Anatomical Venus: who studied the pathologists of the XVIII century

Anatomical Venus is a life-size female wax figure, usually with real human hair and glass eyes. It was made specifically for popular science lectures on anatomy, which were held for the general public at the end of the 18th century. Some Anatomical Venuses are taken apart or opened to reveal the fetus in the womb. Others are presented in static states, when their internal organs are visible immediately, that is, anatomically naked.

Joanna Ebenstein of the Museum of Pathological Anatomy in Brooklyn has traveled the world to write the wax model story that is included in her book The Anatomical Venus. She told Buzzfeed about her work: “In 2007, I went on a pilgrimage for a month to photograph exhibits in major medical museums in Europe and the United States and collect material for an exhibition called Anatomical Theater. Anatomical Venus was the most mesmerizing of all the eerie and striking objects that I saw during the entire trip.

This Anatomical Venus, made in the workshop of La Specola between 1784 and 1788, is displayed in an original rosewood and Venetian glass box at the Josefinum Museum in Vienna. Josephinum, Collections and History of Medicine, MedUni Vienna / Joanna Ebenstein

“The first was created around 1780 in Florence, Italy, where it served as the centerpiece of the 'wax encyclopedia' of the human body at the Museum of Physics and Natural History, better known as La Specola, the first truly popular science museum open to men. women and children ”.

Josephinum, Collections and History of Medicine, MedUni Vienna / Joanna Ebenstein

“The original Anatomical Venuses were crafted by a skilled artist in tandem with an anatomical or natural scientist. The highest quality was done in the workshop of the artist Clemente Susini, who for many years headed the wax workshop in La Specola. "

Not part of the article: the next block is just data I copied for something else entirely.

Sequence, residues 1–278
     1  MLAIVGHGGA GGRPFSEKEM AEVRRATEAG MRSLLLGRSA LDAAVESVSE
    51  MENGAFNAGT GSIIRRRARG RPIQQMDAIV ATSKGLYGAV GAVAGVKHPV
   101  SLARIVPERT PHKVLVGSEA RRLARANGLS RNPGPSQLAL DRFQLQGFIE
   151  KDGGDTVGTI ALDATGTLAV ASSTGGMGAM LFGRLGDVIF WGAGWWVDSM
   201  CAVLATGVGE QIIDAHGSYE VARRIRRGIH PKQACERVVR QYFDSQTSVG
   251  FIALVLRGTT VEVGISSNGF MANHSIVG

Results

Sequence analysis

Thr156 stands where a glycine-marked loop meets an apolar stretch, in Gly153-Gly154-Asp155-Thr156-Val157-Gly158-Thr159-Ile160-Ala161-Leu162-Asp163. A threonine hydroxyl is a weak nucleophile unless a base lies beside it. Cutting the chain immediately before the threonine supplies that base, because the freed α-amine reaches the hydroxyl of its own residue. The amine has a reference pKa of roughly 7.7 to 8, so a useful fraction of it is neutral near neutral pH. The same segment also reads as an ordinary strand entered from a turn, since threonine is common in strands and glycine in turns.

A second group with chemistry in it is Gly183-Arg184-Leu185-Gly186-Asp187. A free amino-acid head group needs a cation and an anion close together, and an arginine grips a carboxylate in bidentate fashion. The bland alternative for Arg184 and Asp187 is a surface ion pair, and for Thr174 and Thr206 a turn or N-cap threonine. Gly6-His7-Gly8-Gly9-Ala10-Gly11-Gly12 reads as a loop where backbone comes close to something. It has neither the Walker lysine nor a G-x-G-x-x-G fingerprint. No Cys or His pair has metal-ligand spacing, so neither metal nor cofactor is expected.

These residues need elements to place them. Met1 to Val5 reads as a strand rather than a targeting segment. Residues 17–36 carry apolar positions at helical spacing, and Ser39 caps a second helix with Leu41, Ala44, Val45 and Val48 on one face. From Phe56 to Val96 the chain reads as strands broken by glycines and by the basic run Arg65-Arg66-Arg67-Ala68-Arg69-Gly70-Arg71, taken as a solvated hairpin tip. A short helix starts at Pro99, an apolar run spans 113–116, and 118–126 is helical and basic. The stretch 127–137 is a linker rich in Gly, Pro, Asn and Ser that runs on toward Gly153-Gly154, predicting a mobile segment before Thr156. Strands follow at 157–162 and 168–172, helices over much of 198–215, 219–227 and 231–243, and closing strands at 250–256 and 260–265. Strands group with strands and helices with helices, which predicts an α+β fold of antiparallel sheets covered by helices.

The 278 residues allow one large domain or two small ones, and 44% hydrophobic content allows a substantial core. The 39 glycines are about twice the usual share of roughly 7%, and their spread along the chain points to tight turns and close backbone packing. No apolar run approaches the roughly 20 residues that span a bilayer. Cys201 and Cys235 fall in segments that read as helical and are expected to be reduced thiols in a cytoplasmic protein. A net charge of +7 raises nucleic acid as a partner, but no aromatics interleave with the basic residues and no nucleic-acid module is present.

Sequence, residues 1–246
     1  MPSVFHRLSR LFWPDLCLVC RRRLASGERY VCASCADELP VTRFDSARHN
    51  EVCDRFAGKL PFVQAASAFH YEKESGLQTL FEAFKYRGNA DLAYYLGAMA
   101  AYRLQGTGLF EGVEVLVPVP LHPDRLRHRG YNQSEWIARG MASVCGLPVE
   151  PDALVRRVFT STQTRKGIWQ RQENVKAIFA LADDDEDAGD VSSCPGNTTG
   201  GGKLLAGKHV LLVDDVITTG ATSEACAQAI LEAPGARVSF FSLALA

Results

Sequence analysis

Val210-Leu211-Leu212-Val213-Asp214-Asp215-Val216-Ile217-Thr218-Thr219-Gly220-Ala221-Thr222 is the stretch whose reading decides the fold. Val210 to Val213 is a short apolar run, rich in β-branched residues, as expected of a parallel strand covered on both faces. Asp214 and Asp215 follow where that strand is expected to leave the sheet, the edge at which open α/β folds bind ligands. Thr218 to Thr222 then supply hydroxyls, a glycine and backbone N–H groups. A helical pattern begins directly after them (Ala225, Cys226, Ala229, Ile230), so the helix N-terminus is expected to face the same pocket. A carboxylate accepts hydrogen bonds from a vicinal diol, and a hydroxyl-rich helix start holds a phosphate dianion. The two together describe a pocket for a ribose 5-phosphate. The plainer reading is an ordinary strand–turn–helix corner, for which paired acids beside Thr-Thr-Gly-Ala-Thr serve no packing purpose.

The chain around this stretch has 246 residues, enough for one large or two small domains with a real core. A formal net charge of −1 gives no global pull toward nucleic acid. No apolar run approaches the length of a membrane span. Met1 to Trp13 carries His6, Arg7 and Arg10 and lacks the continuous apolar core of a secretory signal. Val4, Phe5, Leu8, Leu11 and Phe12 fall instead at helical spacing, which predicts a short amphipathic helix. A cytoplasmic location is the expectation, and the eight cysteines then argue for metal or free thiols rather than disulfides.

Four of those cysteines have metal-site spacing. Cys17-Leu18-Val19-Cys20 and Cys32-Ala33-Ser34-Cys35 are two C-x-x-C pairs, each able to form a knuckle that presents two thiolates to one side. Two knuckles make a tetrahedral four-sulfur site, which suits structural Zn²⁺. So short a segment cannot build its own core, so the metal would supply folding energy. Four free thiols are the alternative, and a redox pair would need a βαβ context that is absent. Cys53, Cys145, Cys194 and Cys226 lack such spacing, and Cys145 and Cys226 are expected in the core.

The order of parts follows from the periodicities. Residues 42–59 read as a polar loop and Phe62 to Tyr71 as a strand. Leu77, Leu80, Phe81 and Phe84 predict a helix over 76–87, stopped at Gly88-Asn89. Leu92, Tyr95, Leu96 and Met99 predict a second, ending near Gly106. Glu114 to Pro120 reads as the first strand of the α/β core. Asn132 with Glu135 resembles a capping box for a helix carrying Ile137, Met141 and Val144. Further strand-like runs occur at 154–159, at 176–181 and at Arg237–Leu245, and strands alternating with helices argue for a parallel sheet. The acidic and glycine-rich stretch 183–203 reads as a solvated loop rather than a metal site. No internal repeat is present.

Josephinum, Collections and History of Medicine, MedUni Vienna / Joanna Ebenstein

“The team started by selecting illustrations from renowned medical atlases by authors such as Vesalius, Albinus or Mascagni. Then corpses and body parts were brought from the nearest hospital of Santa Maria Nuova, so that every organ and every detail was made with maximum precision. The purpose of these wax figures was to replace further dissections of human bodies, which were dirty, bad-smelling and unethical. "

Josephinum, Collections and History of Medicine, MedUni Vienna / Joanna Ebenstein

“The beauty of Anatomical Venus was essential to arouse the viewer's desire for knowledge. At the same time, she separated it from the concepts of death and the grave, with which most of the knowledge about anatomy is associated. Arnaud-Helois Gaultier d'Agoti, son of the creator of the 18th century anatomical prints, including the famous “Flayed Angel” by Jacques-Fabien Gaultier d'Agoti, eloquently remarked: pleasant death? ""

Josephinum, Collections and History of Medicine, MedUni Vienna / Joanna Ebenstein

"Anatomical Venus solved this problem, because it looked like living, did not experience pain, there was no blood on it, and it was also based on the ancient tradition of artistic depictions of Venus, the goddess of love, beauty and fertility."

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niversité de Montpellier, collections anatomiques / Marc Dantan

Université de Montpellier, collections anatomiques / Marc Dantan

“Our current obsession with beautiful dead girls makes Anatomical Venus strange, lustful and sinister for many. I think it is simply impossible to view her now not through the prism of what happened after her - horror films with dismembered beautiful female victims, murders on the basis of sex, as well as sex dolls. "

Münchner Stadtmuseum, Sammlumg Puppentheater / Schaustellerei, Munich

“I traveled to see and photograph every Venus I could find, read everything I could get to, from scholarly articles to archival museum catalogs, corresponded with private collectors, interviewed curators and traveled to Italy to try to understand Venus in its historical and cultural context. The more I learned, the more questions I had. It seems to me that I could spend the rest of my life chasing the tracks leading to and from Anatomical Venus, and that would not be enough. "